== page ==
Download overview and stats: 1916
The Central California (CCAL) league members were Watsonville, Santa Cruz, Monterey, Pacific Grove and King City (new to the league in 1916). Hollister and Gonzales participated in track only, while Watsonville did not compete in track.
Interestingly, Soccer took the place of rugby and was played as a interclass sport (between SC High School classes) only.
For the first time in three years, interclass baseball was played on the Santa Cruz High School (SCHS) athletic grounds. Since baseball was dropped as a CCAL sport, interest in it waned. The department shifted its energy to other sports in which trophies might be won for the school. Needless to say from the point of skill the first interclass games were mere charades, although they were played with keen rivalry. SCHS would like to see interscholastic baseball put back on the league schedules.
Early in November, the SCHS basketball team started practicing for the first league game. Captain O’Keeffe put the fellows through strenuous practice with good results.
SCHS held the league record (3-1). They tied with Watsonville for co-championship. There will be a play off game to see who will go to NCS (Northern California Section playoff, probably to play against Santa Clara Valley’s team.)
[?] Since Monterey had beaten Watsonville, the [Watsonville] Cats have an identical 3-1 record with SC. The winner of the co-championship game will take the title. (this was actually a play off game for the championship, SC will consider it as a co-championship). (As a reason to call all tied for first place teams, co-champions even if there was a playoff game played was the statement made the year 1950, when the Salinas and Watsonville basketball teams had a playoff, not to see who was champion, but to see who would get the right to go to the Tournament of Champions At UC Berkeley. The same thing applies this year as the winner got to go to the NCS playoffs.)
[I believe this is explaining that the game was to determine who was going to the championship and not who was championship. This also occurred in 1950]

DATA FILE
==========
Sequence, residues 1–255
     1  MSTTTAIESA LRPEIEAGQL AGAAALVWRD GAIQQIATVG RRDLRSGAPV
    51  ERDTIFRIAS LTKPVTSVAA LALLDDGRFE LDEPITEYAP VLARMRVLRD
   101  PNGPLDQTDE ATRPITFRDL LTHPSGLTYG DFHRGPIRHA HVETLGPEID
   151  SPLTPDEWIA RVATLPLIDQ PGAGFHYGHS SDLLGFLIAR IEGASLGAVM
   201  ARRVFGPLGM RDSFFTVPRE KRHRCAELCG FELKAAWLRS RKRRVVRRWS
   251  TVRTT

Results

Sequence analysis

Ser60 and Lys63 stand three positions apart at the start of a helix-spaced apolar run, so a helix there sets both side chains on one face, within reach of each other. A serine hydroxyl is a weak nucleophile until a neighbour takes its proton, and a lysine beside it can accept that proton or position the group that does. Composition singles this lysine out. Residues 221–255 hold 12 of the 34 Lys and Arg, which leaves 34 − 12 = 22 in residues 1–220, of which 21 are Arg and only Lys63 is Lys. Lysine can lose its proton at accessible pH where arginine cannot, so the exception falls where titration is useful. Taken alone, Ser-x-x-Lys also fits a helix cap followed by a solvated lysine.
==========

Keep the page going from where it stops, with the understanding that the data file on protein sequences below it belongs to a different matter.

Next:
With the championship on the line, Watsonville sent a delegation of 200 supporters, while SC sent 400 to cheer for their team. SC started out ahead, but the weight and strength of the Watsonville team began to ware on their smaller opponents. The excitement was intense. With thirty seconds to play and the score tied, Watsonville made a last, desperate rally. It worked, they beat Santa Cruz by three points. Final score 21-24.
Captain Pracht started training the running team in the middle of February. Thirty-five candidates signed up for the season. There were intramural meets until the CCAL meet on Saturday May 6.
In spite of threatening weather, 160 students and friends boarded the special train that carried them to Salinas. It was the biggest athletic event of the year. Adding to those who arrived by train, were a large number of fans who arrived in autos. The abundant support boosted the teams determination and SC won the meet.
Twelve of the fourteen SC fellows scored points.
Yeaman and Babcock did not place, but deserve a great deal of credit for the effort they put forth.
Captain Pracht was the “high point” SC man with 13. Staffler was next with 8.
One warm summer afternoon, the Girls Athletic Association came into existence in the Santa Cruz High School hills with a hike through Glen Canyon.
Other girls sports have been basketball, volleyball, swimming, tennis, rowing and [horseback] riding.
The SCHS mens tennis team won the CCAL champions.